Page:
Dialika Neufeld

Everyday Racism in Germany Enough Is Enough!

Dialika Neufeld
A DER SPIEGEL Editorial by Dialika Neufeld
This country has a racism problem, too. Whether casual bigotry, institutionalized discrimination or far-right violence, the treatment of people of color in Germany has stayed off the political agenda for too long. Not anymore.
A #BlackLivesMatter protestor in Cologne, Germany

A #BlackLivesMatter protestor in Cologne, Germany

Foto: David Klammer / laif

"It's not that bad in Germany." "Just a few skinheads in the east." "All one-offs." By this point, after tens of thousands of people demonstrated against racism in Berlin, Hamburg, Frankfurt and other German cities over the weekend, and after people of color shared their experiences with everyday racism in Germany in the media, it should be clear to everyone that racism is not a series of isolated incidents. Everyone who is not part of the white majority has experienced racism in one way or another. Racism hurts. It divides. It kills. And it affects millions of people. In Germany as well.

But it took the murder of George Floyd in the U.S., an 8 minute and 46 second-long battle with death that was captured on video, to spur a real debate that we should have been having all along: How racist is Germany? And what are we going to do about it?

There have been far too many incidents that could have sparked such a debate in modern German history. And it's hard to accept that it took us this long to start talking about the problem properly. We're not the U.S., but Germany, too, has its George Floyds. In 2005, a man named Oury Jalloh was burned alive while tied to a mattress in his jail cell at a police station in Dessau. In 2001, a man named Achidi John died after police force-fed him a vomiting agent. In 2019, William Tonou-Mbobda died in a Hamburg hospital after being violently restrained by security personnel. The initiative, "Death in Custody," tries to establish how many people of color have died since 1990 in police custody or from police bullets. The preliminary count: 159, though the causes of many of those deaths have yet to be formally established. According to the German government, nearly 100 people fell victim in the same time period to far-right violence. Mölln, Solingen, NSU, Hanau -- there was always outrage, and often protests, but a movement never coalesced. And politicians never reacted with bold measures aimed at fundamental change.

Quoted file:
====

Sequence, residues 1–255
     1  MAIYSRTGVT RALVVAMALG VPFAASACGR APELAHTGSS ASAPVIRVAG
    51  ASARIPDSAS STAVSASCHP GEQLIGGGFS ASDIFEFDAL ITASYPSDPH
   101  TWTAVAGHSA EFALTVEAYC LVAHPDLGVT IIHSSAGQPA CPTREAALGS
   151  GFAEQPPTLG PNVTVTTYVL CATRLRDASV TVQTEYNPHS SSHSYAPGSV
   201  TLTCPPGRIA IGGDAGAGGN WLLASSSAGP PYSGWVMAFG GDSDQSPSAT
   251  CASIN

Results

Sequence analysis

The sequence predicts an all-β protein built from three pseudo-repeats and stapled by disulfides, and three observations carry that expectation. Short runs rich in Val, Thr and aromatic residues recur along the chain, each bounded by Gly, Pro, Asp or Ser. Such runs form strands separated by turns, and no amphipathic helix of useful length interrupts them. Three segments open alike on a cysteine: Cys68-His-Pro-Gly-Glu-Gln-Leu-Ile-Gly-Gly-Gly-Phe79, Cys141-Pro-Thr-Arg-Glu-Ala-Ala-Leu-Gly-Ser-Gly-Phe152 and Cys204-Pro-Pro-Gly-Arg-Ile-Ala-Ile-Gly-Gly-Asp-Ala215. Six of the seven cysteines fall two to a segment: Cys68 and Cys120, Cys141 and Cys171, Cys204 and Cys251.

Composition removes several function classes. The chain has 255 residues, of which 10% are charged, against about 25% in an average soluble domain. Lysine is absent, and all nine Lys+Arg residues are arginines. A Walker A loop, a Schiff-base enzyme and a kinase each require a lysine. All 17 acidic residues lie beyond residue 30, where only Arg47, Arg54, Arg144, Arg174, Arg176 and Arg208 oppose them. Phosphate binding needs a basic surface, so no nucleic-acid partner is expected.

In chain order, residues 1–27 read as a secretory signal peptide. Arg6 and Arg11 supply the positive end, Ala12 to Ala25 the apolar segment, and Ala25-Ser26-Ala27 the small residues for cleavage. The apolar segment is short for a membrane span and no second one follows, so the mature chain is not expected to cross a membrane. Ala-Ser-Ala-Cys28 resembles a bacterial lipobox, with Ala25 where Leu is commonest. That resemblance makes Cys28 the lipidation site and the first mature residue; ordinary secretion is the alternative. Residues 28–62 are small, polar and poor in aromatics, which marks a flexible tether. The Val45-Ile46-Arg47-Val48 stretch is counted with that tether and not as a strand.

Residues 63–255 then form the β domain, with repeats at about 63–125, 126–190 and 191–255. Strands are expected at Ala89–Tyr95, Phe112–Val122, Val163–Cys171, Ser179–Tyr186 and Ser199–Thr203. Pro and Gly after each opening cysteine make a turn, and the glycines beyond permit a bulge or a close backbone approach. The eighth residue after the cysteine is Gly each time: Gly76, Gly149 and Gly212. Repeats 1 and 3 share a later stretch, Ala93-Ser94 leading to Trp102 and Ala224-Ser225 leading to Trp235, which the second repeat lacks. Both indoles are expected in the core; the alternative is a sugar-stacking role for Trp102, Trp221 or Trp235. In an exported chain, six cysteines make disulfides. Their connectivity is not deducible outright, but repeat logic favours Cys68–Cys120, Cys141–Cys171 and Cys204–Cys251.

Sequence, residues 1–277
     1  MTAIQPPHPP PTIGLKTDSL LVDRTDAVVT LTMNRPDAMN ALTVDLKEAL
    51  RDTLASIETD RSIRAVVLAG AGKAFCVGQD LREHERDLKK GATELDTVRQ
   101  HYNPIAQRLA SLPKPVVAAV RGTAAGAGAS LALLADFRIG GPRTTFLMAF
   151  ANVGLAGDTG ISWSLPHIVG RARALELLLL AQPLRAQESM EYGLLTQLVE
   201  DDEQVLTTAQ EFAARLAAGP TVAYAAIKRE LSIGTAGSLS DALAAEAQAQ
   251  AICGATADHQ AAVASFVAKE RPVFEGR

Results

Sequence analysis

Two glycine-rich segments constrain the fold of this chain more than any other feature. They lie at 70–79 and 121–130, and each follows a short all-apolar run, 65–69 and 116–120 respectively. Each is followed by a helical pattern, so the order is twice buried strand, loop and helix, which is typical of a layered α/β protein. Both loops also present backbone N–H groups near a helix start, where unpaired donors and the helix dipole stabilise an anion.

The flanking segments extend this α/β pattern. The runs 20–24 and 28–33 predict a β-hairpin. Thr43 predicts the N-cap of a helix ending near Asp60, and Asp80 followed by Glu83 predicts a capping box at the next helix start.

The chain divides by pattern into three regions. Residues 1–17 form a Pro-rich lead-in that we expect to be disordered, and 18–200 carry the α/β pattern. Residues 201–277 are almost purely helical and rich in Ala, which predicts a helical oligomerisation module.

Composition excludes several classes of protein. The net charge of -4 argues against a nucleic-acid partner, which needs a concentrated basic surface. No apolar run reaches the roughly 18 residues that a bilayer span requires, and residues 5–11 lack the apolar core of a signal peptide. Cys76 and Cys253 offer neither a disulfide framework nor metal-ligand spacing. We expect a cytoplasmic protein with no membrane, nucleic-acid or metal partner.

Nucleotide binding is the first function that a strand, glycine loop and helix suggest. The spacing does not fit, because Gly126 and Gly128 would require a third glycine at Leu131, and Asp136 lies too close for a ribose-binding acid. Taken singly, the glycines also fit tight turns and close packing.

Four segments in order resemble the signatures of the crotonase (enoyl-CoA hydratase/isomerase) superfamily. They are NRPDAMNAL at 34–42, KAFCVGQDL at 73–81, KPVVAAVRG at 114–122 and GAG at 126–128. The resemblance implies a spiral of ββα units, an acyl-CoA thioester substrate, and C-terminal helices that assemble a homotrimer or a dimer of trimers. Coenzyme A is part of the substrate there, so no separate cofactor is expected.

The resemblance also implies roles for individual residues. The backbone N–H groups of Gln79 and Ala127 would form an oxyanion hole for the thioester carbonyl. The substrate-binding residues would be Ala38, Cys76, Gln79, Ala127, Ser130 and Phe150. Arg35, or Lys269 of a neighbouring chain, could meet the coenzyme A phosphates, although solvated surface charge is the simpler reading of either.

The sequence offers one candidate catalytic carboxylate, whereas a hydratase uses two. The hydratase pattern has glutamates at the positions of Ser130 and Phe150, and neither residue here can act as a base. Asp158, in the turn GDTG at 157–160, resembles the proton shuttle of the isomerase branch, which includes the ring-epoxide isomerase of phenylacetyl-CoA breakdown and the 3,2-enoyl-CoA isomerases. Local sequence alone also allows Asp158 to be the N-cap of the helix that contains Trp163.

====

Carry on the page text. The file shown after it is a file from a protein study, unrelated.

The article you are reading originally appeared in German in issue 25/2020 (June 13, 2020) of DER SPIEGEL.

Instead, many of these cases disappeared from the public eye. They were often unsolved, filed away as tragic one-offs. A perpetual trivialization, one in which anyone isn't white must despair in the realization: It could just as easily happen to me.

Enough Is Enough

Now the time has come: We're talking about the fact that such violence does not just come out of nowhere. And a large swathe of the population is listening. That's new. Researchers who study protest movements speak of momentum, similar to the kind found by climate demonstrators who mobilized millions of people around the world last year under the "Fridays for Future" banner and who managed to put climate change on the political agenda. This could be another such moment.

But where to start? The spectrum of experiences with racism is wide and Germany must confront the issue on multiple levels. For instance, there's the experience of the only man on a full train who is controlled by police. Or the experience of the child whose hair strangers touch without asking. There's the soccer player who is escorted out of a stadium while people in the bleachers make monkey noises. Or the actor who only gets cast as a refugee. Or the mother who can't find an apartment. Or the trainee who can't find a job because of the color of his skin.

Enough is enough!

The city of Berlin passed an anti-discrimination law last week that also targeted the discrimination of citizens at public agencies. What followed was reflexive opposition from the police and conservative politicians. It was a predictable response, one seen all too often when it comes to racism. But it's not about placing entire institutions, like the police, under "general suspicion," as critics would contend. Rather, it's about effectively protecting people, which is supposed to be the primary duty of the police. Germany must take another look at its bureaucracies, courts and curricula. Independent ombudsmen and ombudswomen must be appointed. More money must be allocated to anti-racist organizations. And there must be reliable investigations and prosecutions in cases of racist discrimination and violence.

Beyond that, every citizen has the responsibility to think critically, to inform themselves and to stand up for others. Sooner or later, racism affects everyone. At the very latest, this will happen when we ask ourselves in what kind of society we want to live.

Die Wiedergabe wurde unterbrochen.